Entrepreneurs have different ways of financing depending on the characteristics of their projects. Each format has some advantages and disadvantages that must be clear when going out to look for money. Among other things, you have to look at the trajectory, the profile and the numbers of partners, the sector or the state of the market. In this post, we show you seven types of financing.
Seven types of financing:
- Bank financing
- Public subsidy
- Business angels
- Venture capital
- Participative loan
- Bank financing
- Bank financing: Traditional financing is one of the most difficult doors to open for the entrepreneur. It is only available for very solvent, worked and realistic projects, in which the objective of the money that is requested and the way of returning it is explained with great precision. The main advantage is that it is fast and solid. It is the most indicated for traditional businesses, with guarantees to respond and own resources that sustain the project.
- Public subsidy: Very limited both in amount and in the use that can be given. They should be considered more as an incentive than as financing in itself. Their main advantage is that they do not have a refund obligation. However, it has a direct impact on the working capital of the company. Also, they tend to be slow.
- FFF: Family, friends and people close to the entrepreneur. It is about the investors closest to the entrepreneur, which is a significant risk. Premium the personal relationship, almost completely lost, between investors and the entrepreneur. The positive thing is that it does not require great justifications, and it has a lot of flexibility as regards the form of return. However, they tend to be small, and limited to startup. It can be useful for small projects.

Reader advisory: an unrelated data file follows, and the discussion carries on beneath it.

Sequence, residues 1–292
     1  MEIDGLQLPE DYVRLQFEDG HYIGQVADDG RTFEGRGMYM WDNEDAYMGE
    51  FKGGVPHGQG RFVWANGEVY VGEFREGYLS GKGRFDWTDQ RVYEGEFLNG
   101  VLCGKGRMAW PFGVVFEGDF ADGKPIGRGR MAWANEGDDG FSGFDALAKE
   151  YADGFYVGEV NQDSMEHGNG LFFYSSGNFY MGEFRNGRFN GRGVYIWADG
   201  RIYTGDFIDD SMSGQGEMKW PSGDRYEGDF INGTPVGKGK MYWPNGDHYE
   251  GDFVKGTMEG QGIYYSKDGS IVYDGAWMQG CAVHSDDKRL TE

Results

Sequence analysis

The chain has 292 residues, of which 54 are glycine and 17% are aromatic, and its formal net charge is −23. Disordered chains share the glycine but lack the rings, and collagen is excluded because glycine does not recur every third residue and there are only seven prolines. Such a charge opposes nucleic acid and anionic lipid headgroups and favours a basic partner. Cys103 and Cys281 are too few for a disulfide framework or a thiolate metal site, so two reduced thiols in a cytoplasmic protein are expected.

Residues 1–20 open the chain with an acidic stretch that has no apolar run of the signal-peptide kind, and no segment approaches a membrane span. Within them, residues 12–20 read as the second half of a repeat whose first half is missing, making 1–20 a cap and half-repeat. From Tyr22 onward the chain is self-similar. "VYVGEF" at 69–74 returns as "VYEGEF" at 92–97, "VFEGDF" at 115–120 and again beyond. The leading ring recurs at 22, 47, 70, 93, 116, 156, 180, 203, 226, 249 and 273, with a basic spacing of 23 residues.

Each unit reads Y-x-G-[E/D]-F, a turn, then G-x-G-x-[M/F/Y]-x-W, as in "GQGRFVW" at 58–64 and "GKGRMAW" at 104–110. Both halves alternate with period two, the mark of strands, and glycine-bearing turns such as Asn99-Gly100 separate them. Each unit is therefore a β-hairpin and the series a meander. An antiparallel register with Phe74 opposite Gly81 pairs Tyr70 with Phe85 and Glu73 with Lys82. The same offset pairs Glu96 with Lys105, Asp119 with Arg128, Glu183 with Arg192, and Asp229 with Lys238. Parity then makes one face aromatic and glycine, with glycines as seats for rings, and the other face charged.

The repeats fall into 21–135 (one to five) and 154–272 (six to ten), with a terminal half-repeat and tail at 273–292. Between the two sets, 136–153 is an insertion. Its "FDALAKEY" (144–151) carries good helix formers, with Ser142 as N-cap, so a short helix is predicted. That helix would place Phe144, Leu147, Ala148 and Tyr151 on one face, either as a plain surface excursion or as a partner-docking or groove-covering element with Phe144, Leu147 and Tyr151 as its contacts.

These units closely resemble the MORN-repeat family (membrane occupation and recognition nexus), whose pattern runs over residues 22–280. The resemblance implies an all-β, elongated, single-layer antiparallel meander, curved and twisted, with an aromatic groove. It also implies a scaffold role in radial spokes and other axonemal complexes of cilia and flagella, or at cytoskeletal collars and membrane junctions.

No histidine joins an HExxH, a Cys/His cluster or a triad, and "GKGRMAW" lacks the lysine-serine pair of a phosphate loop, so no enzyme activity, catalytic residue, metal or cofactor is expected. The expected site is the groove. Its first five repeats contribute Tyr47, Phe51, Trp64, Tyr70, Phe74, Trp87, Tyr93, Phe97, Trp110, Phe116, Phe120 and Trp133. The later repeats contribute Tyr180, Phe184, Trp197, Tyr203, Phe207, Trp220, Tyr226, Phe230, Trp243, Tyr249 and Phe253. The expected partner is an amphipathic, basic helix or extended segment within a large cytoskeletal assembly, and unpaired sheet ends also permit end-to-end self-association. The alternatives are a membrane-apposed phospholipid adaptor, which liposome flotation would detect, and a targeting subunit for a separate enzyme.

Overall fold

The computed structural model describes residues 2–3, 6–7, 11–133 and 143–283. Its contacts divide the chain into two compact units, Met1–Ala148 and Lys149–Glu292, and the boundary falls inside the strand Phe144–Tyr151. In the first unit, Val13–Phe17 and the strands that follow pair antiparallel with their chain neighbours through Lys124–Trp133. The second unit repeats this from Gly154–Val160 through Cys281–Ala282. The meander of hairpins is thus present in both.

- Business angels: They are private investors who contribute their capital, their experience and their contacts in the market. They put money, but they have a more mentor profile. The know-how they bring is as important as the capital. The problem is that they may intervene too much in the management of the business. They can be useful for niche projects in the same sector and geographical area as the Business Angel.
- Venture capital: These are entities that have as their objective the taking of shares in the capital of companies not listed on the main stock market. They are the second source of professional financing, after the banks. They are regulated. The main advantage is that they are solvent investors, with all the legal guarantees and with strong resources. But they are not very flexible. It is valid for companies that are already in operation and with strong growth potential.
- Participative loan: In this modality, the lender makes a bet for the project and unites his luck with the entrepreneur. It is a financial instrument characterized by the participation of the financial entity in the benefits of the finance company, in addition to the collection of a fixed interest. That is, if the entrepreneur is doing well, the lender will earn more. The advantage is that it supposes a financing that can be returned in comfortable installments in the difficult beginnings. The problem is that part of the benefits if they come, will go to the lender. It is useful for companies with a relatively high risk.
- Crowdfunding: It is a democratization of the financing of business projects. The entrepreneur requests funding from the community, anyone who may be interested in their project, usually through the Internet. The contributions are rewarded with some type of consideration related to the project (material delivery, explicit recognition of the financer, etc.). It multiplies exponentially the FFF financing since it extends to the Internet. The problem is that it is a discontinuous financing, almost impossible to plan.